Here are some of the week’s most notable quotes culled from news reports from across Texas, and beyond.
Texas Gov. Rick Perry, announcing he was quitting the race for the Republican presidential nomination.
I began this race with a sense of calling — I felt led into the arena to fight for the future of this country. I feel no different than I did then, knowing the calling never represents a particular outcome.
Jerry Polinard, a University of Texas-Pan American professor, on Rick Perry’s presidential campaign.
Bluntly, some of his supporters asked me, ‘Is he really that stupid?’ . . . You’d rather be laughed at for shooting a coyote, not for saying, ‘Oops.’
Texas Gov. Rick Perry, comparing himself to Moses as he campaigned for the Republican presidential nomination in South Carolina.
Moses, he tried to talk god out of making him go lead the people. He wasn’t a good speaker. Now, from time to time I can relate to that.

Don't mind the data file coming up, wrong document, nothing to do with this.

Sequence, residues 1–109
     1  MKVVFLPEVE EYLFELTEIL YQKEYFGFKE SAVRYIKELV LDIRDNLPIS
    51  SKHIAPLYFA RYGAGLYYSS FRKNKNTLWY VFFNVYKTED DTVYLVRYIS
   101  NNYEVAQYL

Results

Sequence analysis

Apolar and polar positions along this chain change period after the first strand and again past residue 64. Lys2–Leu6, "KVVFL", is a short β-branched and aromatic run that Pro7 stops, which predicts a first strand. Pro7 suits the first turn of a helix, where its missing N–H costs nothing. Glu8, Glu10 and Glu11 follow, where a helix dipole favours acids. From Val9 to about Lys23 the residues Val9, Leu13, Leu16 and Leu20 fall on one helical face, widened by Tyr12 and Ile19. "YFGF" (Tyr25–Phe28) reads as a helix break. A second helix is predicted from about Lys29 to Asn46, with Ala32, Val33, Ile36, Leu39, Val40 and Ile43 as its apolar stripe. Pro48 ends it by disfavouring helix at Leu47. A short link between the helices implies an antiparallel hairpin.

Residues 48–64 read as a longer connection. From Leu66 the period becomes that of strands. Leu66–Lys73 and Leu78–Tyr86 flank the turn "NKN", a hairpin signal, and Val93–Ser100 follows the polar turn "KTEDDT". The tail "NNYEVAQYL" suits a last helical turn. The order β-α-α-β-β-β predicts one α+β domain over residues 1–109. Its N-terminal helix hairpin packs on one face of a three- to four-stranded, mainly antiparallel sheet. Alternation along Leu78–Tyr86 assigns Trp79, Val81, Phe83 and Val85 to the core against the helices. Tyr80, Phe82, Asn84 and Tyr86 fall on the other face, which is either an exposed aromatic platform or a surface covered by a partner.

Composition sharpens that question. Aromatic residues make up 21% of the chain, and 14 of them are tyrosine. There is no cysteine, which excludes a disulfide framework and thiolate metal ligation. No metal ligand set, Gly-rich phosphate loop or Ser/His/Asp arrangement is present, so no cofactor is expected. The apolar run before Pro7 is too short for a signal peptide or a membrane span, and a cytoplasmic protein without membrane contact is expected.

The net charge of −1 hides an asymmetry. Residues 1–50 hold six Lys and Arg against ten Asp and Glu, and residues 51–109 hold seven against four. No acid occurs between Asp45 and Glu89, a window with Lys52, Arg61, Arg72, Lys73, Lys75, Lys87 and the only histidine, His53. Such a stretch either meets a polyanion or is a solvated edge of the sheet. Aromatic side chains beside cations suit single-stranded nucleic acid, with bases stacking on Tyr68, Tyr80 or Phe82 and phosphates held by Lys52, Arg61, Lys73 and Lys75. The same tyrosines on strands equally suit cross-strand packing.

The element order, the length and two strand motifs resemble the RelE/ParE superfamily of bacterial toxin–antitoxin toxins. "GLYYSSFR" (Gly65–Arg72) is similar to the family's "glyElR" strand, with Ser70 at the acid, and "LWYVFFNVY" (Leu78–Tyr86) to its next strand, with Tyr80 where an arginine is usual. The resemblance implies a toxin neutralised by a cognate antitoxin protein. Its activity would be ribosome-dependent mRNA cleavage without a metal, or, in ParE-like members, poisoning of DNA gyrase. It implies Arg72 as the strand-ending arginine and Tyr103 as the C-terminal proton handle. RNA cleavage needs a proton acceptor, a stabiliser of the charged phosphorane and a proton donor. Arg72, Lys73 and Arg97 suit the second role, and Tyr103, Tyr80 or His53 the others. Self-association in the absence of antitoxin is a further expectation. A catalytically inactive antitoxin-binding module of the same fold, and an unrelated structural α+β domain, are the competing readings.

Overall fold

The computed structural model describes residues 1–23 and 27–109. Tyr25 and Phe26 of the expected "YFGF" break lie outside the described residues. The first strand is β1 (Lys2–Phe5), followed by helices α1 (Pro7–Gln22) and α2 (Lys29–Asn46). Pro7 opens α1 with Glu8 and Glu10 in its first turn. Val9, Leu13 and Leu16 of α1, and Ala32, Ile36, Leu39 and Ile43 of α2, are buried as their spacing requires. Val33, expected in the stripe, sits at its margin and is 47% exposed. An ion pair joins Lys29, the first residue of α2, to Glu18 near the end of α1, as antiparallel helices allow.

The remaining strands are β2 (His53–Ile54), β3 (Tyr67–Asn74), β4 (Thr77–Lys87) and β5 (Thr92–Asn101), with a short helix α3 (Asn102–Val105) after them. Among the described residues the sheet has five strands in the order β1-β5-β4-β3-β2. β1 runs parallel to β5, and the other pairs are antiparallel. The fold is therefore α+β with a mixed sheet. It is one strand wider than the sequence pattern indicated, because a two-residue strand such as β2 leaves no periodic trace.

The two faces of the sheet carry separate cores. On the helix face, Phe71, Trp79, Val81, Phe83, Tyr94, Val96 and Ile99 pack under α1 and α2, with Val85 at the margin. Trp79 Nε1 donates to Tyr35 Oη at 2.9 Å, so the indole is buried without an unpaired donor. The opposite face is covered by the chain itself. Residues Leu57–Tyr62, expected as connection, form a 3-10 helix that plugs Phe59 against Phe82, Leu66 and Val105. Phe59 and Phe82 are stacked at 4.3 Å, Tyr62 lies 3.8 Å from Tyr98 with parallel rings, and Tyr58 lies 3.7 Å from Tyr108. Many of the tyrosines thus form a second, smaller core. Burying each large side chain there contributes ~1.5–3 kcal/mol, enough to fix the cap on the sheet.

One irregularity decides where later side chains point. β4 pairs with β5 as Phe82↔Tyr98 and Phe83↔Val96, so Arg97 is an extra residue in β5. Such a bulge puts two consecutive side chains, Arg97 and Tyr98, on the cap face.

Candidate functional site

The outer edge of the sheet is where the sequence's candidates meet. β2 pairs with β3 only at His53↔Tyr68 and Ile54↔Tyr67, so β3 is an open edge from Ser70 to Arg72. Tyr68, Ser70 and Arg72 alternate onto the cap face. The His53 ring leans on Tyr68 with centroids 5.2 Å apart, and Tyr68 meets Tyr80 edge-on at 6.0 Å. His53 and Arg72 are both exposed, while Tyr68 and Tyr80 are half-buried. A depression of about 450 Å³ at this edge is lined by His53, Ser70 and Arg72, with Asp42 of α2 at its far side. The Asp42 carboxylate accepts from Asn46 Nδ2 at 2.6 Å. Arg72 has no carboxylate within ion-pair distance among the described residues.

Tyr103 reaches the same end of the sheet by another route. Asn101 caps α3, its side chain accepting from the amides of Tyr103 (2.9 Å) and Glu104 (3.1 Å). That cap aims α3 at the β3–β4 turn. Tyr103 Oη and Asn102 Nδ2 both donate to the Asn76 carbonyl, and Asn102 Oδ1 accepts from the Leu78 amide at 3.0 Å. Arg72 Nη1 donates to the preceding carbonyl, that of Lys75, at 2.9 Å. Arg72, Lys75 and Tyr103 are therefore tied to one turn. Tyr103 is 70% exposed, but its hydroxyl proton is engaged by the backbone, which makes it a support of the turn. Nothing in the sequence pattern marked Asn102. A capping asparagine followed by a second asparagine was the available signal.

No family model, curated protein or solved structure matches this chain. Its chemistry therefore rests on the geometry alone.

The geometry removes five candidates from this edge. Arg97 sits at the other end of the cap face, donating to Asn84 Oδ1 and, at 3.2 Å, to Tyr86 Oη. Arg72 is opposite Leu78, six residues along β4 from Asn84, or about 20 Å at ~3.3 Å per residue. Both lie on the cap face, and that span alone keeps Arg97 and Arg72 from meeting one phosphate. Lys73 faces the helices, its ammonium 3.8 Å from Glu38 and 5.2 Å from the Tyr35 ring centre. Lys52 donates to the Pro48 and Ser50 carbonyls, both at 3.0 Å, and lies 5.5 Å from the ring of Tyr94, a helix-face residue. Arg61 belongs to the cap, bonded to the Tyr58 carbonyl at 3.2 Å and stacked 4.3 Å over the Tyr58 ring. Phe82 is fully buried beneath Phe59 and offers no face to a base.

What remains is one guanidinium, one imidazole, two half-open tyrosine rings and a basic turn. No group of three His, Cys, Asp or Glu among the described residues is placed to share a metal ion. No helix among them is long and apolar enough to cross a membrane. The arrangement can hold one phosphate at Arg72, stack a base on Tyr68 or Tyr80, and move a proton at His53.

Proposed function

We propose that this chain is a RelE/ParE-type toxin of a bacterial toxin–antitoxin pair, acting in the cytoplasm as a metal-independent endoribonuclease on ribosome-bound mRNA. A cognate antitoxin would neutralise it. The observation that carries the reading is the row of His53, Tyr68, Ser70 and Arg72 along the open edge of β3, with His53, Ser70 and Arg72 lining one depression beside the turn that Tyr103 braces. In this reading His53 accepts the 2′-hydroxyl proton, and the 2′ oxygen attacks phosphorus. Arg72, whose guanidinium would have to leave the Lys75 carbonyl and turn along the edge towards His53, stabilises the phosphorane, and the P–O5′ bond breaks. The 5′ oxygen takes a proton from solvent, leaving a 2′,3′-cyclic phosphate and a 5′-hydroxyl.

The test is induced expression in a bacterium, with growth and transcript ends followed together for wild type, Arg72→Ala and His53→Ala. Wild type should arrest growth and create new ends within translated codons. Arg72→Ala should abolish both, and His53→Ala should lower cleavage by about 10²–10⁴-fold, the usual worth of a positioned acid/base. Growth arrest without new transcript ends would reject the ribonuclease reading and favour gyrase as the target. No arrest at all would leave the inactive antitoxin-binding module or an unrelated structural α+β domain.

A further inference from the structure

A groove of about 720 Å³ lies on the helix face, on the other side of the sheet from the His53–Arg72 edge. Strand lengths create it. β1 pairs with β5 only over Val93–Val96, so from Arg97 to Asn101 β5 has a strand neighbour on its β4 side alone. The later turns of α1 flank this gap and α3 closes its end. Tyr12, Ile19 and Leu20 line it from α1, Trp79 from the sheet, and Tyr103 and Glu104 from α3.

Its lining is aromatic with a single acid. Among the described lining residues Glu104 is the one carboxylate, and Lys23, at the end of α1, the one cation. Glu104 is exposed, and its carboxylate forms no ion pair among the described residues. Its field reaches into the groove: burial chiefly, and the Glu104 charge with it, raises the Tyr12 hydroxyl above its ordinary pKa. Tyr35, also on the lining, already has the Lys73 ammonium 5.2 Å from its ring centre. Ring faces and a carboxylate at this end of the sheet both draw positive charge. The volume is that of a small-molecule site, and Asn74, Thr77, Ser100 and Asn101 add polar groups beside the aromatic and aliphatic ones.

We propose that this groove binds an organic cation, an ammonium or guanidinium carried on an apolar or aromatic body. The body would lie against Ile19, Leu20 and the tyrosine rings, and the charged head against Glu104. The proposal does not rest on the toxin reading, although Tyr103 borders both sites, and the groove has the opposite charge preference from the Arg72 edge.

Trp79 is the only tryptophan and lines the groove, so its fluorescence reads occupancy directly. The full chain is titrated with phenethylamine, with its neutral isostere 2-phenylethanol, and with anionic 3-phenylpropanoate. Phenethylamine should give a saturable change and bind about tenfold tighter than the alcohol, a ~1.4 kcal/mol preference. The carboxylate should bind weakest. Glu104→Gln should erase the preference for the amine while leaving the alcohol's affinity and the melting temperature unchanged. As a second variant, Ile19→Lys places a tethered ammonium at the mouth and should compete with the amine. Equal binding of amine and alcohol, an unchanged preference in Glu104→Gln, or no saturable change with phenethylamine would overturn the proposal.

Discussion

Pulitzer Prize-winning columnist Leonard Pitts, on Republican presidential candidate Rick Santorum’s opposition to gay marriage.
There is an absolute historical pattern to the bigotry of social conservatives. They rally using terms of moral Armageddon against the freedoms sought by some despised or condescended to Other, whether that be a woman wanting to work outside the home, a Jew seeking to join the country club, an African American trying to get home on a city bus. Then the freedoms are won, and people — even socially conservative ones — realize the world kept spinning after all. Armageddon did not come. Only change.
Jill “J.R.” Labbe, editorial director of the Fort Worth Star-Telegram, on religion and politics.
It’s baffling that so many Christians allow themselves to succumb to the ‘us vs. them’ mindset ignited by politics. Jesus didn’t care one nit about creating a Christian nation. He was about creating Christians, although that label would have meant nothing to the devout Jew. He neither asked nor expected government to help him in that mission.